Captain Blood, to the extent it is mentioned today, is remembered as a 1935 movie that made the career of Errol Flynn. The story was originally this novel, published in 1922. It is the story of an Irish physician who, in the late Seventeenth Century, settles in the southwest of England, in Somerset, after wandering the world for a decade. He is caught up in the Monmouth Rebellion, in which a bastard son of Charles II rebelled against James II and lost the 1685 Battle of Sedgmoor, the last battle fought on English soil. Captain Blood (his name is Peter Blood; the title is not a nickname, as one might think of a pirate novel), treats a man wounded in the battle. He is therefore dealt with as a traitor, even though he took no part in the rebellion itself, but his death sentence is commuted to being sold into slavery in Barbados.
I have read David Goldman for a long time, under his alter ego, Spengler, a columnist for the Asia Times. His columns are invariably excellent—pithy, insightful, and a pleasure to read. But the talent set required to be a columnist is very different than that required of a book author. Many columnists are unable to write a book that is other than either a set of compiled columns or a padded out column. The late Joseph Sobran, who wrote for National Review when it was more than a forum for third-rate neoconservatives angling for jobs under Republican politicians, was one such. David Goldman is another, and it shows in the many defects of this 2011 book, How Civilizations Die.
Most of us, or so I like to think in order to feel better about myself, steer away from actually reading St. Augustine. We know that he is an intellectual giant and one of the handful of core, key thinkers of Christianity, but everything he has to say seem so dense, and wasn’t he the mean proto-Calvinist who thought unbaptized infants go straight to Hell? Not to mention that, after all, it was all so long ago and far away. Like a lot of people, I own several works by Augustine, but mostly to show my erudition, not for, you know, actual reading. But after completing Robin Lane Fox’s Augustine: Conversions to Confessions, I think I’m inspired, or at least impelled, to sit down, concentrate, and read some of Augustine’s works. Assuming the feeling doesn’t pass, I think that’s exactly what I’ll do.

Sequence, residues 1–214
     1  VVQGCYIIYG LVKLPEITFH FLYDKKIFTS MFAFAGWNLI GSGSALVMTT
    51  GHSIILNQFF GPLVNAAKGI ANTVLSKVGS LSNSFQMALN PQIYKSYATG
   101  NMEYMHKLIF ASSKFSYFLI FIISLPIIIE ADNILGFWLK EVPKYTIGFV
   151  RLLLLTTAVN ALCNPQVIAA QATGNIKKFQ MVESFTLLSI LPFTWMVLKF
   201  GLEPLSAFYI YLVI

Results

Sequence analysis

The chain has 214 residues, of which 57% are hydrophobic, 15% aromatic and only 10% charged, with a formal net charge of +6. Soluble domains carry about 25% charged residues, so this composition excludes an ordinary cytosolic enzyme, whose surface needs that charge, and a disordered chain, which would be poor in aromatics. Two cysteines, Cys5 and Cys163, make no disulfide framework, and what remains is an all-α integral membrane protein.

This book is pure hagiography. While I suppose hagiography has its uses, mostly to gull and overawe the under-educated, I dislike hagiography. But at least it can be good hagiography; it can be great literature by towering men of intellect, or if not that, at least it can interest and inform the reader. Not this book, though, which is unrelievedly bad on every level, and whose only virtue is extreme brevity.
Sarah Ruden may be my favorite author. It’s not that I’ve read everything she’s written—her main oeuvre is translation of classics such as the Aeneid, and I find all the classics hard going. (The Aeneid is something that you know you should read—in college, I read the Cliffs Notes instead, and have felt guilty ever since). It’s not that I agree with Ruden on politics (she’s a liberal, though a thinking, nuanced one, as far as I can tell) or very closely on religion (she’s a devout Quaker, and there is only some overlap there with my Crusader-oriented theology, though we’re both Christian). I think that, ultimately, it’s two things. First, her work is original and fascinating, which in itself is a great deal. But, combined with the second element, the charm and humor that shines through her work, the reader of her books feels like he’s sitting down for a few hours of conversation in a nerdy version of the Dos Equis commercial—the Most Interesting Woman in the World (or second most interesting, after …